• Siteground (GrowBig plan) (for my main website) - $71.40 for the first year, $239.40 every year after - Siteground has been good to me. I've been with a number of hosts; Bluehost, Liquid Web, Steadfast Networks, A Small Orange, and have even used.. *shudder* GoDaddy hosting (not by choice). This is where I host my main website, as well as host sites while under development. The GrowBig plan allows you to host multiple sites under one account, which is critical in my book for any designer/developer!
  • NixiHost (1gb VPS) (Node development) - $5/mo - If you do development work with Node, Ruby, or something not offered under a traditional shared web host, you'll need a place to host it and share your development. A VPS is a good cost-saving measure in this case, assuming you've got the expertise to do your own DevOps. You could also use Heroku, but I prefer having more control over my setup.
  • Namecheap domain name - ~$9/year - Everybody needs a domain name. Namecheap is great. Don't mess with GoDaddy.

So, as you can see, I'm spending over $300/year on web hosting alone for something relatively simple. Need to host a high-powered web app? You'll be spending more money. Need expensive control panels? Better shell out more money.

What's the final breakdown of costs for web design/development?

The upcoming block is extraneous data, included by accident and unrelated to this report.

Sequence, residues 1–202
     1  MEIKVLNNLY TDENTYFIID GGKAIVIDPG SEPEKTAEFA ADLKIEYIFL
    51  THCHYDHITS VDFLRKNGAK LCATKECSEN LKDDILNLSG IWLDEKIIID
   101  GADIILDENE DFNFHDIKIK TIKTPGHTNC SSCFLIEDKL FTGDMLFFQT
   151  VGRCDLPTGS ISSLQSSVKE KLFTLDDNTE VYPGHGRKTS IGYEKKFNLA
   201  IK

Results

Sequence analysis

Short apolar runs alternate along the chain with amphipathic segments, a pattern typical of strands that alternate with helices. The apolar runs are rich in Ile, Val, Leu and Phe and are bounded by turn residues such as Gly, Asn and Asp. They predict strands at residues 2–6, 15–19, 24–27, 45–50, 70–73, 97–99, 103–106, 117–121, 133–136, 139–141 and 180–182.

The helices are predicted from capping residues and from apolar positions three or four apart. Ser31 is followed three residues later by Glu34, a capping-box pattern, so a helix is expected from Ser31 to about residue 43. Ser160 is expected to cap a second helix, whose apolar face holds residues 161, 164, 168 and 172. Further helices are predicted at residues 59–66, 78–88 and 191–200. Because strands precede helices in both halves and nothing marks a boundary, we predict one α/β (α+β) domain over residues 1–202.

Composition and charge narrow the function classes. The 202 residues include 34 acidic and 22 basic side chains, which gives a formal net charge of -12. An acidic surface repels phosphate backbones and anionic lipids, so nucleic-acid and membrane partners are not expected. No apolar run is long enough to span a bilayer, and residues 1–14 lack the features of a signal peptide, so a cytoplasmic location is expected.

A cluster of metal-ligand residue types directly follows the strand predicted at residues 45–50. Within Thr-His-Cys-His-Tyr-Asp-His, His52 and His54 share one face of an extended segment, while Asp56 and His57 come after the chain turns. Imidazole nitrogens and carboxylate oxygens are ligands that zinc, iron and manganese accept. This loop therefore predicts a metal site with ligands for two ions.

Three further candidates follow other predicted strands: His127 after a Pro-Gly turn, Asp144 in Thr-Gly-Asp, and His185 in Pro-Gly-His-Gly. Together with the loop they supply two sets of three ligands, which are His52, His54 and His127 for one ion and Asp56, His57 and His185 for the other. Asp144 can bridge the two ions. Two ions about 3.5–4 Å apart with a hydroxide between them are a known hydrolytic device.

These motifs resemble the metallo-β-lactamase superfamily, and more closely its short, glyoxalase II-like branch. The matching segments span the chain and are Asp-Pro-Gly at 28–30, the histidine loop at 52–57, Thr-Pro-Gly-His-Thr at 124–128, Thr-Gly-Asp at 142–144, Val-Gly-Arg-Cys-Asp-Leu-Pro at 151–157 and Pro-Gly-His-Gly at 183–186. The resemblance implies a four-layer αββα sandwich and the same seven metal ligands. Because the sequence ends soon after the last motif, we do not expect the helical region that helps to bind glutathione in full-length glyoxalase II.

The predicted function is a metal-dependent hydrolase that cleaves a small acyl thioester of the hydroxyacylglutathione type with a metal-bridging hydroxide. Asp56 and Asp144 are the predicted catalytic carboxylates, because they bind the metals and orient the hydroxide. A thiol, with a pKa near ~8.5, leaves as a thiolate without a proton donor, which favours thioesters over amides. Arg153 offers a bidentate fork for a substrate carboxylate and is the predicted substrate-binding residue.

Let's tally up the results.

Tools: $0 (not recommended) to $818.88/year (for the industry standards)

WordPress: $0 (if you'll hand-code everything and do manual migration) to $168, one time fee, for my setup.

Hosting: $248.40 (for just WordPress hosting plus a domain name) to ~$308/year (includes a VPS for Node/Ruby/etc development).

Finally, let's factor in a computer. If you're utilizing a PC, you can get away with spending about $1000 for a good design/development machine (I've got $1600 invested in my beast), with another $400 approximately for at least one good monitor (I'd recommend two). If you want to go with Mac (for Sketch), you'll need to spend at least $2,399 for a 15" Mac Book Pro, or $6,000 for a starter-level Mac Pro (yeah, that's insane). A heavily-used machine will last you anywhere from 3-5 years, so you're looking at an additional estimated $280 to $2,250 per year depending on your setup.

As you can see, it isn't always cheap to be a web designer/developer. You've got overhead, and this isn't even everything. This is just the bare minimum. I've also got cloud backups, a local development server, and additional hardware.